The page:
From far away, the cold, soft light of the moon cuts across the lake to rest on fresh, fluffed snow. The lake I knew only by name, Torassieppi, disguised as it was beneath winter’s thick, glass ice and glutinous chewy snow. A snort and a puff of ice-crystal air revealed the breath of reindeer, while their wool-bundled passengers found oxygen through mittens and many, many gloves.
Here in the Arctic Circle, Finnish Lapland’s white landscape plays tricks with a monochrome mind.
The view at night, awash in white and reflecting a full moon, takes time to adjust to. Snow-clumped branches switch trees into statues; the all-in-one snow-suits stifle the four senses. The cold takes care of the fifth.
Voices sound altered, sound effects magnified. Taste disappears and tears turn lashes into long strands of white.
It doesn’t help orientation to realise that things don’t look like the photos.
Take this magnificent image from the talented and friendly photographe Antti Pietikäinen from Harriniva who met me pre-sleigh. I’m in the photo, bundled up at the back, but don’t spend too long trying to find me. Those white clouds above the sleigh, that glinting curve along the antlers, that glittering snow upon the lake, that’s all real, real, real. But it takes stillness and lights from snowmobiles to allow the camera to pick them out.
The result? The image doesn’t quite reflect reality.
This set me thinking, as the sleigh slipped ahead and I sat alone with my thoughts and the studs of reindeer hoofs on snow.
To an extent, all travel photos distort the truth. We take pains to line up images in thirds, to crop out dustbins and dusters, to focus on people who reflect the most beauty, the most character, the most tradition. Or even simply those who manage to keep their eyes open long enough for us to take the shot.
And we don’t only do it with travel photography, we do it with photos of ourselves.
When all else is said and done, we like our photos, and ourselves, to look good.
And is this wrong? No, after one circuit of a sparkling set frozen lake, I am sure, beneath the moonlight, that it is not.
Our eyes and our cameras handle light in different ways. Our eyes not only exceed the limits of our pixelated displays, catching photons from over 16 308 light years away, but the way our neurons process light relies on patterns, both geometric and emotional.
When we gaze with happiness at the real life view of the Eiffel Tower, we don’t notice the dustbins, though of course they are there. When the huge wash of data available in real life gets compressed, by necessity, into a photograph, we “see” different things.
We don’t have the romance, the floral breeze, the tired feet. We just have the photograph and the dustbins stand out. Their presence interferes with a stranger’s interpretation of the thrill and the passion of that first glance in Paris.
And so it is here.
The sky in that photograph looks blue.
On the sleigh, when the snowmobile lights have gone, everything fades into black and slightly less black. (Er, I think they call that grey – Ed.) That’s just how our eyes work. Our low-light photoreceptor rods cannot pick up colour.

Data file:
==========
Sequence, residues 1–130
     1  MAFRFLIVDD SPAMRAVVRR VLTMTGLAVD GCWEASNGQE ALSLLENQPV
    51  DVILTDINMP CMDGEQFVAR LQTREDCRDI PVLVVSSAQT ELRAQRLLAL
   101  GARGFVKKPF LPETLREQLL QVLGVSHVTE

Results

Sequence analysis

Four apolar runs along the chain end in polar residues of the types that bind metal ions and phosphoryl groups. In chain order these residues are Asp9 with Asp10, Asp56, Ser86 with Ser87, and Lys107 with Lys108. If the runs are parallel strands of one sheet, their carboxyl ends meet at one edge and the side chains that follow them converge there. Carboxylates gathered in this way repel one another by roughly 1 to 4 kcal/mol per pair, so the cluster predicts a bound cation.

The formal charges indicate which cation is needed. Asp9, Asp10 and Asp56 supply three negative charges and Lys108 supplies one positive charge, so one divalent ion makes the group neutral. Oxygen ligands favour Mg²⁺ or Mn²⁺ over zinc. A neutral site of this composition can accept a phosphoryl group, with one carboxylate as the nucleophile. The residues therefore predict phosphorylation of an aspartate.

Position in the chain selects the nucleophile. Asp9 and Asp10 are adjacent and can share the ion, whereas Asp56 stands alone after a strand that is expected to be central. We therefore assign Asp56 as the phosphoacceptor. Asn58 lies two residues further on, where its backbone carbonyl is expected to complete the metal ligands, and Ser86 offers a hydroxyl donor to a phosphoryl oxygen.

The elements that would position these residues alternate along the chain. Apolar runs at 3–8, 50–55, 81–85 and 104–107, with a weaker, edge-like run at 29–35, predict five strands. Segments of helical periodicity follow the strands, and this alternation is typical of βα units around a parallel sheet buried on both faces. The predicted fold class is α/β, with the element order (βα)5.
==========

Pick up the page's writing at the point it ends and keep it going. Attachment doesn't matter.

It is hard to see the reindeer. It is hard to see my phone. But when I tilt my head back, the starlight stirs my soul.
Here, in the frozen sky, are more patterns and pictures than I have ever known. The Great Bear, Little Bear, Care Bear, Square Bear.
Fine, so I don’t exactly know them by name. I don’t need to to be able to stare at them in wonder To gaze back into history when fellow men fixed their lives by the navigation of these stars. When sailors set off into blackness, guided only by this celestial map, when chieftains sacrificed villagers or the bereaved sought their ancestors, all in these scattered flecks of spattered suns.
And how now, with our telescopes, our skyrockets, our sophisticated software, we still know so little about these shy spots that flicker in the sky.
My reindeer is unmoved. Which is to say, she keeps moving at her slow and steady pace as ice frosts around my eyes.
Scuffling then silence signals the end of the procession; it’s time for hot tea (or, in this part of the world, hot lingonberry juice served in kuppilkas.)
A smoky fire is crackling and we bobble through the snow towards it, limbs clumsy beneath the layers.
At the back of the queue, I get one final chance to tilt my head to the sky before the firelight blinds me.
And that’s when I know that it’s right to tweak “truth” with our cameras.
For the beauty of this great photograph cannot match what I see here.
But it’s all I have to use.
Just these images. Just these words. Just this chance to let you know that above the Arctic Circle blazes a starlit sky.
I travelled to Finland as a keynote speaker for the MATKA Nordic Bloggers Experience. I travelled on to Lapland as a guest of Visit Finland and Harriniva. As ever, as always, I kept the right to write what I like: neurons, reindeer, frozen noses, the lot. Otherwise…well, what’s the point?!
Abigail King is an award-winning writer and author who swapped a successful career as a hospital doctor for a life on the road. With over 60 countries under her belt, she's worked for Lonely Planet, the BBC, National Geographic Traveller and more. She is passionate about sustainable tourism and was invited to speak on the subject at the EU-China High Level summit at the UNESCO Headquarters in Paris.Here she writes about food, travel and history and she invites you to pull up a chair and relax. Let's travel more and think more. Welcome!
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